Critics of the IHRA definition of antisemitism say its approach to anti-Zionist speech can limit free speech. The local chapter of Jewish Voice for Peace, an anti-Zionist group, opposed the bill.

In her remarks, Harrell referenced both Rose Lubin and antisemitic flyers that had been distributed around Atlanta suburbs. (The white supremacist group Goyim Defense League, which is based in Florida but has members across the United States, is often responsible for such pamphlets.)

“This partial action that we’re taking isn’t going to eliminate hate, which I think all of us in this chamber — that’s what we want,” she said. “We will not eliminate hate until we learn to listen to one another.”

Lubin told JTA he feels that Harrell brought up his daughter’s story in her floor remarks to disparage the antisemitism bill.

“She explained to me that Rose and the bill were never connected, that they were two separate things,” Lubin said. “When I walked away from meeting with her, I realized that she was disconnected from her constituents, that she just didn’t understand the people in her community.”

Jewish leaders in the state said that they, too, were confused by Harrell’s stand, which she stood out in the state Senate for making. She was the only senator to abstain from the vote, while six voted against the bill and 44 endorsed it.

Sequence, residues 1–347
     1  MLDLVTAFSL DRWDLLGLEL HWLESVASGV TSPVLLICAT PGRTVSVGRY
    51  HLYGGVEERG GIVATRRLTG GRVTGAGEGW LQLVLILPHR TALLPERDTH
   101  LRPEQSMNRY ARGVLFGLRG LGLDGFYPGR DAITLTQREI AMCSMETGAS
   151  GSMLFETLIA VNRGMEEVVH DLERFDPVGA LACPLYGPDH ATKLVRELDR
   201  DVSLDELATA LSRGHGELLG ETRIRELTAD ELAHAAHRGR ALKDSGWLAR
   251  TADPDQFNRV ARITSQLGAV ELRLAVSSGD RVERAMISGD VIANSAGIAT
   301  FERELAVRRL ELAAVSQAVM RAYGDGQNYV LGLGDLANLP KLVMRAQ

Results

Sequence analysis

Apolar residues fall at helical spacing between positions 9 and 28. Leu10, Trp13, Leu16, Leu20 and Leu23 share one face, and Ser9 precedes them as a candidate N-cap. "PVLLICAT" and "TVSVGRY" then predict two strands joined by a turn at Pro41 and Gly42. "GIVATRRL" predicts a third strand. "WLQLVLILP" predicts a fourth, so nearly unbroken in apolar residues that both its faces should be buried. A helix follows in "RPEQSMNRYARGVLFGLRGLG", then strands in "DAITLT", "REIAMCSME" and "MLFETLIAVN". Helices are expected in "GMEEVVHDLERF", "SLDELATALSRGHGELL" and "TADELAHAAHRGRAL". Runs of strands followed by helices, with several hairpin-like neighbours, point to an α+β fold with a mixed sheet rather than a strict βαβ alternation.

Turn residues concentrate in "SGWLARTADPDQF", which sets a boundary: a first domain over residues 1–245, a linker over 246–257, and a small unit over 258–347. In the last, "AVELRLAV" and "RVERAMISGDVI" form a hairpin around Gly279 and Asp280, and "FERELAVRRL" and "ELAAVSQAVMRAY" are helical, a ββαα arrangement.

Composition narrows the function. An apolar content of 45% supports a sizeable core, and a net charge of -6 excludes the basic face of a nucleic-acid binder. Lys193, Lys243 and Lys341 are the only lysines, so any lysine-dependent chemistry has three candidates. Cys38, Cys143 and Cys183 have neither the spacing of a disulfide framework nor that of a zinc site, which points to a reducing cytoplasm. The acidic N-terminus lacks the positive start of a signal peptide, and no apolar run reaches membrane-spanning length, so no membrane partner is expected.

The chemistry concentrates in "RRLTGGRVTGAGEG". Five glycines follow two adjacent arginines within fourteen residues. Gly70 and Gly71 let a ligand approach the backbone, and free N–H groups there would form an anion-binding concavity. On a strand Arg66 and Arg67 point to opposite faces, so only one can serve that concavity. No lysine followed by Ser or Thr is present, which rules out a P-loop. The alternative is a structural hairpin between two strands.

“I’m terribly disappointed in the senator. I don’t understand what point she’s making,” Dov Wilker, regional director of American Jewish Committee Atlanta, told the local news organization Rough Draft Atlanta. He said he had met with Harrell but failed to convince her to support H.B. 30.

Lubin is running in Georgia’s May 21 primary as a moderate Democrat, in an effort to stem what he sees as a tide of anti-Israel sentiment among progressives.

“You can kind of connect it with the progressive movement and the Democratic Party. It is growing there. And then there’s moderate Democrats like me who go, ‘Wait, I don’t fit into that box,’” he told Jewish Insider. “Before we turn around, we’re going to see our state legislatures that are filled with people that are against Israel, and they can change the dynamics of this country for us very quickly.”

Some of the other issues on his platform include reproductive rights, gun safety and Medicaid expansion.

But he also said he is running because of Rose, the oldest of his five children. At her funeral in Jerusalem, attended by thousands, her commander, friends and brother extolled her as tough but also quirky, a cheerleader and a wrestler at her Atlanta high school, a gifted student who carried out her lifelong dream of making aliyah just as soon as she could.

“The people that I talked to said, ‘David, if anyone can stand up to this, it’s going to be you, with your current situation, who you are, what you stand for, what you represent, who has a chance.’ We talked about that as a family,” Lubin said about his bid for state Senate. “My daughter, she lived that way every day. And it inspired me.”